The Concord School Committee recently made a list of “alternate deducts” to the Middle School project if the estimate is higher than the $110M, which is due to be voted on at the Jan. 19 special Town Meeting.
The committee’s package of potential reductions include $1.5 million for athletic fields, $300,000 on landscaping, wood-look ceilings for a $190,000 reduction and $84,000 on bleachers.
School Committee Chair Alexa Anderson said the committee “voted to advance a capital article for the Select Board’s consideration.”
At a Town Meeting a year ago, the voters approved $102.8M to construct a new middle school. But since then, costs have pushed the budget estimates up significantly, and voters must approve another $7.2 million, or the school as designed will be scrapped and the process will begin anew with the $102.8M in hand.
“I see no reason (the budget) would come in above the 60 percent estimate,” she said, although the more complete 90 percent estimate is due before the Jan. 19 meeting.
But “we can’t predict the future,” said Anderson.
She said she proposed the article because “we needed a safety net in the event that estimates or bids exceed the $110M set by the Select Board,” and the items on the alternate deduct list are not actual reductions in scope. “Instead they will be cost deferments, which means we will eventually need to find a way to pay for these items.”
Committee member Court Booth said it was “premature to take a stand,” before the 90 percent estimate.
“I think we should hold off now,” he said. He suggested that the Community Preservation Fund has contributed to fields in the past, among other priorities, and that this year, the CPA had more money than projects to support.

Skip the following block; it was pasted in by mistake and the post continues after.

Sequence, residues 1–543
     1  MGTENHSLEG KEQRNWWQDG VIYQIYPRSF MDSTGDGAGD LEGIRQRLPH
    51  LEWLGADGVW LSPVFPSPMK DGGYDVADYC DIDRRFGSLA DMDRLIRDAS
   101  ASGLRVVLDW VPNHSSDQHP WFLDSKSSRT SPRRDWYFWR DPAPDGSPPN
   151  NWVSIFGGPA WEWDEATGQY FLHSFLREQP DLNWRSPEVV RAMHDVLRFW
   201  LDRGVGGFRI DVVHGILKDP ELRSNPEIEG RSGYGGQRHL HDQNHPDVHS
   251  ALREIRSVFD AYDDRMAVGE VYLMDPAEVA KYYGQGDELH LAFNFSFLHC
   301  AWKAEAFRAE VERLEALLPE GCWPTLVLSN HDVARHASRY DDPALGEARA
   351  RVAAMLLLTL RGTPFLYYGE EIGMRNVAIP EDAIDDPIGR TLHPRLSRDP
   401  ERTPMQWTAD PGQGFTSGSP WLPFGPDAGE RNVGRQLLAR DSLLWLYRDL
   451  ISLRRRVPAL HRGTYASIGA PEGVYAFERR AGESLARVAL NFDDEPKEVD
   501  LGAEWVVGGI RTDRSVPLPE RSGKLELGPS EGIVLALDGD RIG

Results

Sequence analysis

“Some of us in this town are going to have a very difficult time with this,” said Booth. He said the needs of the schools must be balanced with the needs of those that support them. Booth said one out of 12 families in Concord is “food insecure” and would be burdened by the added tax.
Booth noted that the tax increase required to pay down the debt for the middle school project comes on the heels of the tax increases in place for the other school projects and town capital needs.
State aid from the Massachusetts School Building Authority (MSBA) is not forthcoming.
If the article does not pass at the Town Meeting or at the polls in mid-February, the budget will revert to the $102.8 already approved and necessitate redesigning the project.
Booth posited that the potential reductions are “a solution to a problem that has not been defined.” He added that the new article, as discussed at the meeting, might “jeopardize the project” and cost the committee credibility.